January 13, 2018
Royal Lane Baptist Church, Dallas, TX. Learn More »
March 2, 2004 | Jim Lowder
For the past ten months the Board of Directors of the Baptist Peace Fellowship of North America has been engaged in developing a process whereby we can celebrate our past and imagine our future.
This time of change and transition presents us with both challenge and opportunity. For 18 years under the leadership of founding executive director Ken Sehested and our founding board and other key leaders, BPFNA forged new territory for Baptists on this continent. Never before had we worked so closely together across denominational and national lines in educating and mobilizing Baptists to work for peace and justice.
Today the Baptist Peace Fellowship has nearly 2,000 members, 80 partner congregations, several key denominational and associational partnerships, and a newsletter readership of approximately 8,000. However, planning for the future is not so much about numbers as it is about possibilities.
Our Planning Approach: Appreciative Inquiry
Last summer the board contracted with Signal Hill, a mission-driven consulting firm based in Cary, North Carolina. Signal Hill takes a unique approach to organizational planning. Instead of using the traditional problem-solving methodology of strategic planning, Signal Hill engages in a process known as Appreciative Inquiry.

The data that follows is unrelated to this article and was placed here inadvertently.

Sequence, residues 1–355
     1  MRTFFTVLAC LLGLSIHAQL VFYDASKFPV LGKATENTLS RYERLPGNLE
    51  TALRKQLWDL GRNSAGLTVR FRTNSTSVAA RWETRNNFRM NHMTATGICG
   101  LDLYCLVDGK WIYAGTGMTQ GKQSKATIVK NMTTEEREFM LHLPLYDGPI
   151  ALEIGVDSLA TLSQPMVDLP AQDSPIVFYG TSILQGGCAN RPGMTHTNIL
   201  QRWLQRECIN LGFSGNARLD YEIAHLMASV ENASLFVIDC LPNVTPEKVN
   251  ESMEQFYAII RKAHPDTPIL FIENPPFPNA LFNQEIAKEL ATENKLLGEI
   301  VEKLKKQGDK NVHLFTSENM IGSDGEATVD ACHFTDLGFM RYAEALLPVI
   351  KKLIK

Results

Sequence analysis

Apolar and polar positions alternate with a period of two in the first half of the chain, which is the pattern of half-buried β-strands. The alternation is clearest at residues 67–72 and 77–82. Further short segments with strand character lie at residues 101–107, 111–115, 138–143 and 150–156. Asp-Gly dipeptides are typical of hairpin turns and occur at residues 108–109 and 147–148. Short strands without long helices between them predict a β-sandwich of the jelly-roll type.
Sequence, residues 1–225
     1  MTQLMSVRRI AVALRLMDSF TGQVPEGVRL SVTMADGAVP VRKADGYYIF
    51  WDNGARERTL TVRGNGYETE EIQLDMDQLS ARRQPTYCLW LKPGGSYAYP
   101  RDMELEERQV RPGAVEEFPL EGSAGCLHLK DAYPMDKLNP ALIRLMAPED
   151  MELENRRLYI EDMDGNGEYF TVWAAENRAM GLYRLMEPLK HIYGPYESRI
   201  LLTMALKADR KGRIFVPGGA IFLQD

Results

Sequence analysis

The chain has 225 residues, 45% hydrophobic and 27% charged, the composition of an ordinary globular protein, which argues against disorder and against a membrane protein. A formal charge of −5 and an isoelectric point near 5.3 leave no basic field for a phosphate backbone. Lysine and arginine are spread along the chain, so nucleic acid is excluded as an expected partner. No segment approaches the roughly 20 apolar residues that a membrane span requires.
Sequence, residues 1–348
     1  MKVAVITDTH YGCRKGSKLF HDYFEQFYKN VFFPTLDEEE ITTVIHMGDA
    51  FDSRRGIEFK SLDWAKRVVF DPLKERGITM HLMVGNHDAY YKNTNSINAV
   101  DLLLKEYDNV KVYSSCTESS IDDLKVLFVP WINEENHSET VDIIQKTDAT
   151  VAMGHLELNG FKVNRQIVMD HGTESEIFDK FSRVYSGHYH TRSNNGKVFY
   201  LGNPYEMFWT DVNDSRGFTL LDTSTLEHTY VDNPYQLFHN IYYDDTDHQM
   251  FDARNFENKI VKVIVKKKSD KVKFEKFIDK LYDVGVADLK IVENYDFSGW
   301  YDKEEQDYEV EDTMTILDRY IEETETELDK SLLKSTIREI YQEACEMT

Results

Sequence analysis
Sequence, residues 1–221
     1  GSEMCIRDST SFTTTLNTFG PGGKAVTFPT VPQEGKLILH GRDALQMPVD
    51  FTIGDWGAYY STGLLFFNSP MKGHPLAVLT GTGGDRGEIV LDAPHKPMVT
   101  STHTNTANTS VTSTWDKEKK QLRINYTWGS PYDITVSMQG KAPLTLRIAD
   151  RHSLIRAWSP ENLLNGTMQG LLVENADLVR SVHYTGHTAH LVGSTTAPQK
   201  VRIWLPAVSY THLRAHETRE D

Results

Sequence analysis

Introduced in the 1970s by David Cooperrider at Case Western Reserve University, the term "appreciative inquiry"-or simply AI-refers to processes of examining organizational life from a radically different perspective than those used in traditional planning.
AI begins with the idea that there are strengths and positive, good work in every organization. Traditional planning has begun, on the other hand, by identifying problems and determining ways to solve those problems.
Using AI, we seek to see what others may not see, to heighten our awareness of our values and potential, and to overcome our self-imposed limits. Some examples of these self-imposed limits are, "There's not enough money to accomplish that" and, "We don't have enough members to carry out that project" and "We tried that once, and it didn't work."